A La Plata County man convicted on four criminal charges related to a fight he had with law enforcement last year at the Glacier Club was sentenced Friday to two years in prison.
William Cline IV, who was 29 at the time of the incident, was in person for his sentencing hearing at the La Plata County Courthouse. In January, a 12-person jury found him guilty of felony assault, misdemeanor assault, harassment and criminal mischief.
“This is a serious offense,” said La Plata County Judge William Herringer. “And this case needs to be viewed in its entirety.”
The La Plata County Sheriff’s Office responded to the Glacier Club about 11:30 p.m. Feb. 13, 2019, for a report of a man who entered a home without permission and was possibly armed.
The homeowner was sleeping inside the house, he told police, when Cline opened his bedroom door, flashlight in hand. Cline then left the bedroom and went to the liquor cabinet in the kitchen, where he started to make himself a drink.
Deputies went the residence where Cline was living, where he became combative and assaulted police, court documents show. On the ride to the jail, Cline made racist comments toward an African American deputy.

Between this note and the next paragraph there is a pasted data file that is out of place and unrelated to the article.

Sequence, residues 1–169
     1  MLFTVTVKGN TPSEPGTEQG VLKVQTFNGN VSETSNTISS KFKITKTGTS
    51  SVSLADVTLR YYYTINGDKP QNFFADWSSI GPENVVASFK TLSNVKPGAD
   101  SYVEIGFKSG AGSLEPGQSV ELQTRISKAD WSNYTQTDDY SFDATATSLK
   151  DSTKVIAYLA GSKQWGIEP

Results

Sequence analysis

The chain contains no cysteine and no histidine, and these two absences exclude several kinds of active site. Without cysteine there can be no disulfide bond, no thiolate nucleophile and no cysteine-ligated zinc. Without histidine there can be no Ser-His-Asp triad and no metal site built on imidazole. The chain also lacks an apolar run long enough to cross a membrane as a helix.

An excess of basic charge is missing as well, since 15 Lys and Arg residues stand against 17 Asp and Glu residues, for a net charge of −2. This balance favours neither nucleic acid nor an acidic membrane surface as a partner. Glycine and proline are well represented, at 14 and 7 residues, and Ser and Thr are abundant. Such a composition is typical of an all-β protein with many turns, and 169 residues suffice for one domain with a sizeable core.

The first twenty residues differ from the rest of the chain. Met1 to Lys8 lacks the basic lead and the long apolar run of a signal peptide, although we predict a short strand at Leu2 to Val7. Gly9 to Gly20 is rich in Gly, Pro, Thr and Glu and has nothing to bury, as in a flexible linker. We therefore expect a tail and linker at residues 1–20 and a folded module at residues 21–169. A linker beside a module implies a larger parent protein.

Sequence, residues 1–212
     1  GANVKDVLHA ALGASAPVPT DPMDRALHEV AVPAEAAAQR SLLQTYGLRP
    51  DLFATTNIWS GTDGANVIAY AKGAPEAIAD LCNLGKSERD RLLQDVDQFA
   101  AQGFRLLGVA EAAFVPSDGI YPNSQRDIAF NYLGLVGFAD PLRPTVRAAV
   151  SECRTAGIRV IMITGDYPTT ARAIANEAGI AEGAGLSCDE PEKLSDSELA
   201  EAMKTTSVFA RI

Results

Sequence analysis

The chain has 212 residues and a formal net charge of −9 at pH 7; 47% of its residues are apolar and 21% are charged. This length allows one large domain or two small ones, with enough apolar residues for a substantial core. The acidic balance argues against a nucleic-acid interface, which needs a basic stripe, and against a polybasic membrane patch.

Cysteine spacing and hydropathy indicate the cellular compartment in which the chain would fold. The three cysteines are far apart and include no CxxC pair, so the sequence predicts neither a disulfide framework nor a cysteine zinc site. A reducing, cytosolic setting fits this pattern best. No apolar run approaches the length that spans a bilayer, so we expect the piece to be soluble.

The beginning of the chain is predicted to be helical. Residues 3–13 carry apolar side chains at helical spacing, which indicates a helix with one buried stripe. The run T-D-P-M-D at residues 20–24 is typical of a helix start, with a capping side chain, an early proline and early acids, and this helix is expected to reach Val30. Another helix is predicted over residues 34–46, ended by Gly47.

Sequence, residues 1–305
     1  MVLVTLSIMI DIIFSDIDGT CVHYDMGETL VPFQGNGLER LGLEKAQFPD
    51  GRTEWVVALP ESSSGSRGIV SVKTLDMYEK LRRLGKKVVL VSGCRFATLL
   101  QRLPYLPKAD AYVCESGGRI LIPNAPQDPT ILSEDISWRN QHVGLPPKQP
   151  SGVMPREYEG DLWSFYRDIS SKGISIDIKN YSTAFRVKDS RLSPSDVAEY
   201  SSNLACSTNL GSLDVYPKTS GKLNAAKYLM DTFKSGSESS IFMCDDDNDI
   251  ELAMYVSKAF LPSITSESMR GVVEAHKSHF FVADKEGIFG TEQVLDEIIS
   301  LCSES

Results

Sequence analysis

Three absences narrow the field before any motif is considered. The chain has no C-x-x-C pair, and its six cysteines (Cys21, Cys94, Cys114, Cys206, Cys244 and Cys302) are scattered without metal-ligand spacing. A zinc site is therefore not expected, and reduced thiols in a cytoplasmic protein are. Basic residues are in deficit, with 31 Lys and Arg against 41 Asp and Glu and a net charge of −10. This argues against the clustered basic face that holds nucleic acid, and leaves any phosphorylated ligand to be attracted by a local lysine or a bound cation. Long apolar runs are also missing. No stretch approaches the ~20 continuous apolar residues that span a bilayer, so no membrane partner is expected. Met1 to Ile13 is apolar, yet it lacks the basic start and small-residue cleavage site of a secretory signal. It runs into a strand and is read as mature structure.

Deputy District Attorney Zach Rogers on Friday asked that Cline be sentenced to three years in prison, given the seriousness of the incident and Cline’s apparent unwillingness to take responsibility.
The homeowner whose house Cline broke into, speaking via teleconference, said Cline “invaded his home,” and that the situation could have ended worse, seeing as Cline was armed.
“There’s a fear it will happen again,” the man said.
Cline, speaking to the court, said the incident was driven by his alcoholism, and since his arrest, he has entered programs to remain sober.
“I now know what the bottom feels like,” he said.
Cline called the racist remarks he made “disgraceful,” “disturbing” and “against all the values I hold to my heart.” He then turned around and asked forgiveness of the African American deputy, who was in attendance.
The deputy chose not to speak during the hearing.
Judge Herringer, however, said Cline’s apologies felt “awfully late,” given the fact Cline chose to take the case to trial despite all the evidence, including video, against him.
Herringer sentenced Cline to two years in prison and three years of parole. A state law requires a prison sentence instead of incarceration at a county jail for anyone convicted of assaulting police.
“This has been, unfortunately, a huge life lesson for me,” Cline said.